While the transition zone is a great sweet spot for exercises, it’s difficult not to become ballistic with moves in it. A good barre instructor will be quick to catch participants who are getting ballistic but unfortunately in many cases participants start to put work that belongs in the abdominal muscles into the lower back. Additionally, some barre classes instruct participants to keep a “C” curve in the core, which can actually heighten risk for the lower back because it’s being stretched for long periods of time before being worked in rapid contracting movements again.

Solution:

Be a Barre babe, if that’s what you want! Just remember that every studio and instructor varies on form critique and safety. So, if an exercise feels uncomfortable in any part of your core (and I’m not talking tired or burning because there IS a difference) then flag down the instructor and ask how you can do the exercise better or differently. Low back injuries are no joke. Don’t flirt around with them!

 


Conclusion:

Every group exercise class comes with inherent risks. It’s up to *you* to be proactive about your safety and health. Don’t hesitate to be brave and advocate for your own health by asking instructors for help or modifying for your individual needs. The world of group exercise classes should feel wide open for you to choose what you enjoy!

 

 

Yours in health and wellness,

Maggie

 

MasterChef and WellnessWinz Unite

MasterChef, a reality TV show on Fox, features three famous culinary icons as judges; Gordon Ramsey, Graham Elliot and Christina Tosi. In its latest season, DC area resident, Ailsa von Dobeneck, joined the esteemed group of home cooks, ready to compete before the judges for the title “MasterChef.”  This past week, I was honored to join forces with Ailsa to offer a fun and healthy event for women. The workout was sweaty and the food was to die for! Here are some details on how to replicate both.

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The workout that I coached is SO easy to replicate at home or in a local park with friends (as we did – see our beautiful park below!) since it doesn’t require any equipment. Also, it’s fun and fast-moving so you don’t get bored or hit a wall. Plus, if you do the workout in a park then you get the added benefit of sunshine and fresh air. What better way to spend a Saturday morning?!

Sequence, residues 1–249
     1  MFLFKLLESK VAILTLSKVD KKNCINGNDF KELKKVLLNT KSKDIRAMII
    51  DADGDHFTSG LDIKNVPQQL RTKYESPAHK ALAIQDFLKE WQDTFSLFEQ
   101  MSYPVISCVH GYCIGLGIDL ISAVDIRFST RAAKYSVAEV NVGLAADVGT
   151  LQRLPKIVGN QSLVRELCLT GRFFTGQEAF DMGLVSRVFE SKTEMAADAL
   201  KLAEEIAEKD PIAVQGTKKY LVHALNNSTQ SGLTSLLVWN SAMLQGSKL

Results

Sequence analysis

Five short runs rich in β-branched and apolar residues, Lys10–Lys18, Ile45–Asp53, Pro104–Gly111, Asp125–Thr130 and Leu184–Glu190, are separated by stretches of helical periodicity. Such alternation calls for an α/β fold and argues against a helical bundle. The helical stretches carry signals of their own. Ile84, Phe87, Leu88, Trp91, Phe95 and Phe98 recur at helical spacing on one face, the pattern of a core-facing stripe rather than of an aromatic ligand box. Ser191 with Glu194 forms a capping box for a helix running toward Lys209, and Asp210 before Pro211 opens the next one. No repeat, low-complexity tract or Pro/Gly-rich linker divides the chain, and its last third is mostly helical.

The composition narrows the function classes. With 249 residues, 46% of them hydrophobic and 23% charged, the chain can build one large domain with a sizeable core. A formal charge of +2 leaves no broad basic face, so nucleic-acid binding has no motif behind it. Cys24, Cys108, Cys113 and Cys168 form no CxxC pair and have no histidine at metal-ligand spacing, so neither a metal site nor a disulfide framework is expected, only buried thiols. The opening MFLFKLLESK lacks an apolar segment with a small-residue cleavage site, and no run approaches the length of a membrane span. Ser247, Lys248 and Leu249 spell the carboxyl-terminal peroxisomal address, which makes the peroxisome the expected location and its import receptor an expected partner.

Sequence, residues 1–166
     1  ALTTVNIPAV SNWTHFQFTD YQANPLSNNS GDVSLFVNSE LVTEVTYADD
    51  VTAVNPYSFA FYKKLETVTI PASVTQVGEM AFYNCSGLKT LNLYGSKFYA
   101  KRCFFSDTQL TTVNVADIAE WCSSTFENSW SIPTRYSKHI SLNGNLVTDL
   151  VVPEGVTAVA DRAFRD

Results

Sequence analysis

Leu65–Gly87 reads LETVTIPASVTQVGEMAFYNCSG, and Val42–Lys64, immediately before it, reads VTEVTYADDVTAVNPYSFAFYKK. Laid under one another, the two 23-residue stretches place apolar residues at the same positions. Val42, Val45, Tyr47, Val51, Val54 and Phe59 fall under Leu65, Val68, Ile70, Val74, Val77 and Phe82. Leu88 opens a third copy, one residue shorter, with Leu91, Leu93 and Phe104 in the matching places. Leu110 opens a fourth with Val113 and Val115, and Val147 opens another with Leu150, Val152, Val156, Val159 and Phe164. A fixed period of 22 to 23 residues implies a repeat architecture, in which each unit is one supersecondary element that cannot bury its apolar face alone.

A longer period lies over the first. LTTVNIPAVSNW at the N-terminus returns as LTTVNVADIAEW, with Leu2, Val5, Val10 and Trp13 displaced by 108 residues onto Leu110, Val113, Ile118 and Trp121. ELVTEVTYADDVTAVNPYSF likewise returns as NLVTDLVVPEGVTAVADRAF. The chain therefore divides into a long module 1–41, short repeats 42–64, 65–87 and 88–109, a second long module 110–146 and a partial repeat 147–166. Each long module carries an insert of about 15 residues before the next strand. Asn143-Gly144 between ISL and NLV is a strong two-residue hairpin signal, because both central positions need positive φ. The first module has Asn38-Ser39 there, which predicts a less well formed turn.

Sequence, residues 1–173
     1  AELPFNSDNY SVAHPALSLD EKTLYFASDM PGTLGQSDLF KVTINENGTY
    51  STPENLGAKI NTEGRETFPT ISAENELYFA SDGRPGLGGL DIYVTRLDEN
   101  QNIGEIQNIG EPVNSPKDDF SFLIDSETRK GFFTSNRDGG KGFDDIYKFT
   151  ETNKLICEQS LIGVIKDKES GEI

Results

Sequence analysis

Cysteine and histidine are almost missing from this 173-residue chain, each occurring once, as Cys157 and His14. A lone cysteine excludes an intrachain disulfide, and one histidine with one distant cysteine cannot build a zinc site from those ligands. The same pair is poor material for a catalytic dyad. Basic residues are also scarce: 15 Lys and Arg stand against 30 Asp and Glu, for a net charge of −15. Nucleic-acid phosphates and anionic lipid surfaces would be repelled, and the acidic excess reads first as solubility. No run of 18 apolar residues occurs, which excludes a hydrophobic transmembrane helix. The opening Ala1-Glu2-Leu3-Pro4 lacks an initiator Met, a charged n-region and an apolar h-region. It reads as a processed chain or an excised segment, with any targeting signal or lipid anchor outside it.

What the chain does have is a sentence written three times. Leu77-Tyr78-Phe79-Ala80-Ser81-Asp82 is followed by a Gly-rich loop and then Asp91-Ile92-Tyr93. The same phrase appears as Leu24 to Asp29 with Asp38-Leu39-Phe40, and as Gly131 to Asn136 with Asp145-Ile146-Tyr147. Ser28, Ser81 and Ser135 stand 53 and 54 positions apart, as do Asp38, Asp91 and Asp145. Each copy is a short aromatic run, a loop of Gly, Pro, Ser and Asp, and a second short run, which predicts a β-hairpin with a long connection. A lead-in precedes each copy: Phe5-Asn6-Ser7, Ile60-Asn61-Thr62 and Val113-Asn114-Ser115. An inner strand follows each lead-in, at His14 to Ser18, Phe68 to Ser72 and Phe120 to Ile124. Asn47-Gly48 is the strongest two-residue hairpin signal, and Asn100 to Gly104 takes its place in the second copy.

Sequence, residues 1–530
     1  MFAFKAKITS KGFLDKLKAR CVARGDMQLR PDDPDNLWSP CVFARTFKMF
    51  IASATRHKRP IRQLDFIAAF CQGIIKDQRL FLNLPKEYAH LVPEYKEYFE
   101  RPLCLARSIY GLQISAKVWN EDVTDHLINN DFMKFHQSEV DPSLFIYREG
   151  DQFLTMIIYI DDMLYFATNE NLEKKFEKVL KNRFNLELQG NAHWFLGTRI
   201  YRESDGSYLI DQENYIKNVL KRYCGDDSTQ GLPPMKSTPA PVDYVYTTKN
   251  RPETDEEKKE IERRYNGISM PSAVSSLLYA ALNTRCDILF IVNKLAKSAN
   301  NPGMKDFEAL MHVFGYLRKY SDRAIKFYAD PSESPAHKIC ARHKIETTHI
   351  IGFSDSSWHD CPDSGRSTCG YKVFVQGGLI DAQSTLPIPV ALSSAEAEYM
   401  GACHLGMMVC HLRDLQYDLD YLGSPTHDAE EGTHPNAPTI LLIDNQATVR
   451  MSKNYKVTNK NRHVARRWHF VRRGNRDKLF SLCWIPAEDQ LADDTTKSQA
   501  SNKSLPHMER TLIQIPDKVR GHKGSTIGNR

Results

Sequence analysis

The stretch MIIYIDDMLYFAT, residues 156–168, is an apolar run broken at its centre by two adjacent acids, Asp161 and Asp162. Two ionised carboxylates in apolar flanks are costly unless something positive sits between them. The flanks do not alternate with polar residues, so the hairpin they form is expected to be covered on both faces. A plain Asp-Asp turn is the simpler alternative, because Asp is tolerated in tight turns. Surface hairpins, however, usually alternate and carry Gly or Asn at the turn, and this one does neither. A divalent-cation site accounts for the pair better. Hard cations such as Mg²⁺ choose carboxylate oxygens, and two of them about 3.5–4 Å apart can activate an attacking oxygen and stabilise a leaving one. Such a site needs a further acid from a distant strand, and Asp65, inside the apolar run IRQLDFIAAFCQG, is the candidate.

Pssst – I converted Ailsa, a professed foodie who has little history with exercise. If she enjoyed it, I bet you will too!  

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The Workout:

1) Pick 12 exercises that involve the entire body and boost your heart rate. Write them down on a piece of paper.

2) Exercises 1-3 should be performed in sequence (including rest intervals) and should be repeated 2-3x.  This breaks up the workout’s sets and gives you mini goals to accomplish.

3) Each individual exercise should be performed with maximum effort for 30-60 seconds. After each exercise you rest for half the amount of time that you were working hard for. For example, if you do mountain climbers or burpees for 60 seconds, you rest for 30 seconds. This keeps you working at full capacity each exercise as you progress through them.

To sum:

  • Choose 12 exercises
  • Perform exercises 1-3 in sequence for 30-60 seconds, each with 15-30 seconds rest in between
  • Perform exercises 4-6 ”     “
  • Perform exercises 7-9 ”     “
  • Perform exercises 10-12 ”  “
  • …Sweaty and DONE!

The whole workout will take you less than 30-35 minutes but you will have exercised your entire body, burning tons of energy and maximizing toning potential.

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Here are some of the exercises that we did (videos will be uploaded for demonstration purposes to Instagram: @maggie_wellnesswinz):

Set 1:

  • High Knees while holding the arms straight over head
  • Lateral Squat Hops
  • Diagonal Mountain Climbers

Set 2:

  • Double Leg Lift + Sit-up (alternating)
  • Burpees
  • Speed Skaters

Set 3: